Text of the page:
A 12-year-old Nigerian male presented at the children's outpatient clinic of the Federal Medical Centre, Owerri, Nigeria, with a 5-year history of bilateral neck swelling, 2-year history of groin swelling and a 1-year recurrent fever. There was no history of cough, weight loss or drenching night sweats. At the onset of the illness, he was taken to a private hospital where he was placed on anti-tuberculosis (TB) drugs for 6 months, with no improvement. He also received a course of herbal concoctions, again with no improvement. The neck swelling continued to increase, necessitating self-referral to our facility for expert medical care. His past medical history was not significant except that he had been transfused once in a private hospital because of febrile illness when he was 6 years old. He is the third child in a family of seven children. There was no history of similar illness among his siblings. Physical examination revealed mild pallor, bilateral cervical lymphadenopathy measuring 8 x 6 cm on the left and 6 x 4 cm on the right. The nodes were multiple, firm and attached to neither superficial or deep tissues. He also had left inguinal lymphadenopathy measuring 8 x 8 cm, and 2 x 2 cm on the right. There was no positive cough impulse. His weight was 70% of the expected weight without oedema, and his height was appropriate for his age. Other aspects on examination were essentially normal. A working diagnosis of Hodgkin's lymphoma with tuberculous lymphadenopathy as a differential diagnosis was made. The laboratory investigations showed a white blood cell count of 13.8 x 109 L, neutrophils 70%, lymphocytes 30%, platelet count 188 x 109 L, left shift of neutrophils, normocytic normochromic red blood cells and elevated erythrocyte sedimentation rate (ESR) (100 mm/hr). Haemoglobin was 9.8 g/dL, HIV I and II screenings were negative and haemoglobin electrophoresis had a normal AA pattern. A Mantoux test was non-reactive (0 mm). A chest X-ray showed no evidence of enlarged lymph nodes and no focal lung lesions were seen. Blood films for detecting malaria parasites showed a ring form of Plasmodium falciparum. An abdominal ultrasound scan, random blood glucose tests, urinalysis and direct Coombs tests were all normal. The patient was commenced on oral antibiotics (cefuroxime) and antimalarial therpay (Coartem) based on local sensitivity patterns and malarial tests, pending the result of the excision biopsy of the lymph node.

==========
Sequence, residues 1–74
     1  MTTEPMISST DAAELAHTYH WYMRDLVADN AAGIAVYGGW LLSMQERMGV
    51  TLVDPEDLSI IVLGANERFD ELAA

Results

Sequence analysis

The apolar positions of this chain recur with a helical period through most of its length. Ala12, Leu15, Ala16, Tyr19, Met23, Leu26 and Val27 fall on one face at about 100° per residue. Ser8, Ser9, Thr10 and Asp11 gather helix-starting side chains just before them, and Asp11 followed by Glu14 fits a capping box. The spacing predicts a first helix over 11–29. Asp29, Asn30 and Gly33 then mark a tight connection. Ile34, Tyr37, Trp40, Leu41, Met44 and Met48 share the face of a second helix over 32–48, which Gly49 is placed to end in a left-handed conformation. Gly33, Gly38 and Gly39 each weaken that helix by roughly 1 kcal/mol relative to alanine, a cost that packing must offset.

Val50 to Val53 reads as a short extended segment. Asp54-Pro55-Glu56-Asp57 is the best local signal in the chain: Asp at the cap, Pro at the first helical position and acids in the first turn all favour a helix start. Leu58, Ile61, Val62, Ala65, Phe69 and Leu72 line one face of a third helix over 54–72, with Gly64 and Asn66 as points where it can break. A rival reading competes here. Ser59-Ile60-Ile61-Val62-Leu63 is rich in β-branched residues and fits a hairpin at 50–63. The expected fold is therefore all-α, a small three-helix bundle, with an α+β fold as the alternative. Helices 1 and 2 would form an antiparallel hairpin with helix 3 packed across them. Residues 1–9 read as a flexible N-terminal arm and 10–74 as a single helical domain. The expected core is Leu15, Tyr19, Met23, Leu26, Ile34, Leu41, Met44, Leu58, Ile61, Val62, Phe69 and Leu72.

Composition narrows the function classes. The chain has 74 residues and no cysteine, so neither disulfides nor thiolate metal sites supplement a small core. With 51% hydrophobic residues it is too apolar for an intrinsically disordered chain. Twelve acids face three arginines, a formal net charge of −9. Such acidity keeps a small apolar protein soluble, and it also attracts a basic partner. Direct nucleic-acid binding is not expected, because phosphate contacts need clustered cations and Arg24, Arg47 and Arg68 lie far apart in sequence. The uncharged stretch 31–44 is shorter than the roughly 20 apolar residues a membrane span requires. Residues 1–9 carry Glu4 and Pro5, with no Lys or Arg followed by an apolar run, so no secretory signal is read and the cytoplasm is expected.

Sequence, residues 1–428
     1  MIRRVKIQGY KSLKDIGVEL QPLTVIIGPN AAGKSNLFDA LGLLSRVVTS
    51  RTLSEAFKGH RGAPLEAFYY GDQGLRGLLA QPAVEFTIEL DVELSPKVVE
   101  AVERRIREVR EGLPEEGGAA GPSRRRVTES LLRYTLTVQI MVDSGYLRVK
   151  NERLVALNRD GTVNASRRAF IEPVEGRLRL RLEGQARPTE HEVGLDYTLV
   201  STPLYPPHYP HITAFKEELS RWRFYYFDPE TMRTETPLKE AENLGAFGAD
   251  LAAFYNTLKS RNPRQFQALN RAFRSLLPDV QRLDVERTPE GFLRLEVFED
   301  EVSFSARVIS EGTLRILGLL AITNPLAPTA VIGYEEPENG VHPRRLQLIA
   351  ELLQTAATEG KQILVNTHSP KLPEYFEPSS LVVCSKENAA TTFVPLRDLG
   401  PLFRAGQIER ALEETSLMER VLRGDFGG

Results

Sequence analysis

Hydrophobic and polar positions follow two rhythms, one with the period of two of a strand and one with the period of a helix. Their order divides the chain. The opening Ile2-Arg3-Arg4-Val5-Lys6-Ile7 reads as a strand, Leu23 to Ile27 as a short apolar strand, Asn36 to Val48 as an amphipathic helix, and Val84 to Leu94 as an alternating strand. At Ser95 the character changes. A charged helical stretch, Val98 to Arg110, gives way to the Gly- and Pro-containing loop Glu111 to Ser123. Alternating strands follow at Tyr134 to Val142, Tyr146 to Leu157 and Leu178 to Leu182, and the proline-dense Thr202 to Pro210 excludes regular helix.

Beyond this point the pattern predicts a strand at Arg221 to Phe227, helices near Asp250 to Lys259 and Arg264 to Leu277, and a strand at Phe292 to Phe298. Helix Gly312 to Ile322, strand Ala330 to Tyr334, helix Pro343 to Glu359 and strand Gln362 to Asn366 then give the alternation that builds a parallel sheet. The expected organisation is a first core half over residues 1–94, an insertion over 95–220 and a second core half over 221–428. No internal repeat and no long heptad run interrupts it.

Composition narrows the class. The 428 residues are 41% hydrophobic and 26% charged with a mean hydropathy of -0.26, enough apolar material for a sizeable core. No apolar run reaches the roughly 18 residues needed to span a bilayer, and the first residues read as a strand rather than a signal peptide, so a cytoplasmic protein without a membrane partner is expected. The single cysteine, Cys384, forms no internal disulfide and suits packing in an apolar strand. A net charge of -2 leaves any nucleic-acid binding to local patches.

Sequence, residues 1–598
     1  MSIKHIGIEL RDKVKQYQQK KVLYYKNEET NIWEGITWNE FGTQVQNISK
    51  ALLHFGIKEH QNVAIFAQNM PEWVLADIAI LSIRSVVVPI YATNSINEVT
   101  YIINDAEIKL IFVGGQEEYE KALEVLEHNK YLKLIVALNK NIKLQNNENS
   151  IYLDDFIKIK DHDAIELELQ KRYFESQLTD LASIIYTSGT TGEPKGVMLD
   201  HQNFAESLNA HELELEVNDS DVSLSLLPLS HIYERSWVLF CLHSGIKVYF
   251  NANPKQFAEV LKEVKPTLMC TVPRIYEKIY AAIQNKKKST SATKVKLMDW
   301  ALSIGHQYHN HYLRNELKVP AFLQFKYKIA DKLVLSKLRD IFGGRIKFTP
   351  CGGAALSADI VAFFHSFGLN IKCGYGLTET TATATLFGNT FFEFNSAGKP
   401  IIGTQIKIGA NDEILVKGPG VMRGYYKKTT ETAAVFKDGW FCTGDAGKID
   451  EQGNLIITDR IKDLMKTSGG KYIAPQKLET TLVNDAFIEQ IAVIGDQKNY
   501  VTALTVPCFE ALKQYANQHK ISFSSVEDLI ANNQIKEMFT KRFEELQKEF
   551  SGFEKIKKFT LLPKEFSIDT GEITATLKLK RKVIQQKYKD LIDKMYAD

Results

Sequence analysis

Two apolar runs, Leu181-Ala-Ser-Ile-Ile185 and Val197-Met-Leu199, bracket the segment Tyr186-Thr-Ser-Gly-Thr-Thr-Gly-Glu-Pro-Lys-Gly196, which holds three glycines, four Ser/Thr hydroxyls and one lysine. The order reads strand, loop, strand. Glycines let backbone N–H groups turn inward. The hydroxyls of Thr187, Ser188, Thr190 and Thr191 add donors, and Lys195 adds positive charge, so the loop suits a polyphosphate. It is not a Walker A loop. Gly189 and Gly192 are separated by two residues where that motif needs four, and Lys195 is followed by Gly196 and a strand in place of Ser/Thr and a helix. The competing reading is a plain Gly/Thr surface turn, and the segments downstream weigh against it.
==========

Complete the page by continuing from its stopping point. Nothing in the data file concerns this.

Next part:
The histology report showed a benign, non-neoplastic lesion characterised by expanded sinuses that were filled with enlarged histiocytes containing abundant cytoplasm and plasma cells. Within some of the enlarged histiocytes were intact lymphocytes (emperipolesis). A histological diagnosis of RDD was made. The parents were counselled on the benign nature of the disease and were scheduled for monthly follow-up visits. The size of the cervical lymph node was observed to be regressing by the third monthly visit. However, the parents defaulted on further follow-up visits despite numerous telephonic requests.



The term RDD was first introduced into scientific literature in 1969 when Juan Rosai and Ronald Dorfman described four cases of a rare, idiopathic, non-neoplastic lymphoproliferative disorder.[61 They described its clinico-pathological features in 1972. Typically, it is characterised by bilateral cervical lymphadenopathy with fever, leukocytosis, elevated ESR and hypergammaglobunaemia.[7] Our patient had all the typical features of the disease except that we could not ascertain if he had hypergammaglobunaemia because we lacked the facilities to test for gammaglobunin. The extranodal manifestation of the disease has been documented in about 25 - 40% of affected individuals, with the most frequent sites being the head and neck regions.[1,2] The urogenital tract, breast, gastrointestinal tract, liver, pancreas and lungs have also been reported to be affected by the disease.[2] Our patient did not have any extranodal disease.